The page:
Altruist uses both physical and chemical filters to achieve optimum protection. The chemicals in Altruist Sunscreen ensure it works well and feels great on the skin and have been very thoroughly assessed by SCCS (the European cosmetics safety organisation).

Yes, though if (SPF 30 and above) used correctly (applied in sufficient quantity and frequency) it is extremely unlikely.
No sunscreen actually blocks out all UV light, so it is theoretically possible if one had no natural protection from melanin (like those with albinism) and were outdoors from dawn to dusk in the hottest conditions by water (added reflected UV). What is more likely is that insufficient has been applied, not enough time has been given for it to soak in before going into the water and an extended time has been then spent in the water with out reapplication straight after toweling.

Try and avoid the sun between 11am – 3pm, when the sun is strongest.
Wear clothes, a broad rimmed hat and sun glasses.
Never use sun beds – they have been classified as carcinogenic by WHO (The World Health Organisation).

Vitamin D is essential for bone health and increasingly is suspected to play a role in other health aspects, too. It is very efficiently made in the skin when exposed to UVB – just 15 minutes of exposure on the arms 3 times a week in the summer is sufficient to have enough. There is no benefit in trying to get more as the body does not store it. It is not usually in high enough concentrations in food, so the best bet is to take a supplement. The NHS recommend 10 mcg a day. This is far safer than trying to obtain it from sun exposure.

It has been shown that the regular use of sunscreen can reduce the incidence of skin cancer – in particular melanoma and squamous cell carcinoma (SCC).
Some population studies have shown that people who have used sunscreens seem to have a higher incidence of skin cancer. However, this tends to be the lower SPFs (below 15) and the likelihood is that the creams were used to aid tanning and thus people were deliberately seeking the sun. One Norwegian study showed that people who had used sunscreen of SPF 15 or greater on one occasion had a lower incidence of skin cancer.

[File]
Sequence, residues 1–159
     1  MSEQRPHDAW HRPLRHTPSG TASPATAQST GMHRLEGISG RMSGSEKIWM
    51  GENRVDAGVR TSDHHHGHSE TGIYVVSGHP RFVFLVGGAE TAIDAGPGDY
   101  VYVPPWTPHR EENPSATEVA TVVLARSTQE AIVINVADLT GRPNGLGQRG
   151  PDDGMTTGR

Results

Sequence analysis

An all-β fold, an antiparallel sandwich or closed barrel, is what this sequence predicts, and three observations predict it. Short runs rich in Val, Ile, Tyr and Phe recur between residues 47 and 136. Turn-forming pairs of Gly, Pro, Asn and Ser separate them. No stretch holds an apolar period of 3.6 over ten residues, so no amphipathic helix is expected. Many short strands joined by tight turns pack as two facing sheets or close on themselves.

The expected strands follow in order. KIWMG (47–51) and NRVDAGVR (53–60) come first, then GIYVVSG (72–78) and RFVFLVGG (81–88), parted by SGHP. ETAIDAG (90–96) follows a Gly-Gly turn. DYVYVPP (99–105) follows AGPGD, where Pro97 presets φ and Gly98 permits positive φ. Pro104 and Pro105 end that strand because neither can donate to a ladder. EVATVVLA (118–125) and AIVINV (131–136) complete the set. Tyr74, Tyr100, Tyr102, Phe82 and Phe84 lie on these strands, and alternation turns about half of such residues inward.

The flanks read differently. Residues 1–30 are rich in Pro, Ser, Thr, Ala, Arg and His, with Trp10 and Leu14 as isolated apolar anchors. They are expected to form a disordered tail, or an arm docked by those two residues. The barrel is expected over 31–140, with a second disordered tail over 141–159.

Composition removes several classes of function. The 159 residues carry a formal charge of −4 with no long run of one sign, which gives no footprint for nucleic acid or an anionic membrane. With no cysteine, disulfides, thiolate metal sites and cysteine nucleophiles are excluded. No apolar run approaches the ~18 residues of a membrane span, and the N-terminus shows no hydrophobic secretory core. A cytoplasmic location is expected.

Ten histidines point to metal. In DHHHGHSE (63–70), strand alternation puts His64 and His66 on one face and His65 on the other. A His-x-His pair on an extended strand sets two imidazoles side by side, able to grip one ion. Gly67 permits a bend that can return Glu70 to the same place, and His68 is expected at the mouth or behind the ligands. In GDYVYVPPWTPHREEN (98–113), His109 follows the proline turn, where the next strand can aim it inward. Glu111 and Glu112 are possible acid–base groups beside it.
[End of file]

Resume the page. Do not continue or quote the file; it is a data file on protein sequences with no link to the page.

The prevention of skin cancer (and skin ageing) trumps the unproven claims of harm from sunscreen.

The concentration is always below 5 % in our formulations for sensory reasons. It is allowed up to 14,6 % (10 % of the acids equivalent). According to SCCS (the European cosmetics safety organisation) it is safe and highly studied (toxicologically) and should not be denigrated by rumour

Still the most important thing is to ensure that there is protection cross the UVA and UVB radiation spectrum. Thus a high level of UVA protection, in proportion with the SPF (UVB protection) is important.
The newest filter registered in the EU is Tinosorb A2B, which is in Altruist Sunscreen, this helps to ensure a more complete protection across the UV spectrum as there used to be a gap between the UVA and B peaks of absorption in sunscreens.
Nano technology is also a great innovation. Although it sounds small, in UV filters terms this actually means big! This means that they can sit on the surface of the skin and less sunscreen is actually absorbed into the skin.

By creating Altruist we have tried to solve this problem. Sunscreens need to be easy to apply, leave no residue and feel very much like a moisturising cream. Also, they need to be affordable, so they can be applied liberally. Personally, I use Altruist SPF30 as my post shave moisturiser and then extend the application to cover my ears and rest of face, too. this is what I advise my patients to do, too

Many sunscreens, especially those that are extra water resistant, tend to be very oily; this is what gives the shine and increases the risk of spots. I advise people to use a sunscreen that is labelled “non-comedogenic” or “oil free,” this means that it tends not to cause spots. Again this was an important element in the development of Altruist – that it should be able to be used by those on treatments for acne, in particular isotretinoi

Tolerability around the eyes is important for many people. Of course, sunscreen is not designed to be put into the eyes, but some people don’t seem to be able to tolerate anything around the eyes and in this instance wearing sun glasses is the only option. However, these people are actually very few. Feedback from many sports people was that they didn’t like sunscreen because it ran into their eyes when they sweated. Again this was something that I’ve been delighted with Altruist Susncreen – the feedback from both golfers and cyclists has been fantastic. they say that it doesn’t run into the eyes and sting.

Yes this is possible. Apply the sunscreen first and wait until it has been absorbed before applying make up. However, don’t forget to re-apply the sunscreen during the day to ensure full protection of the skin.

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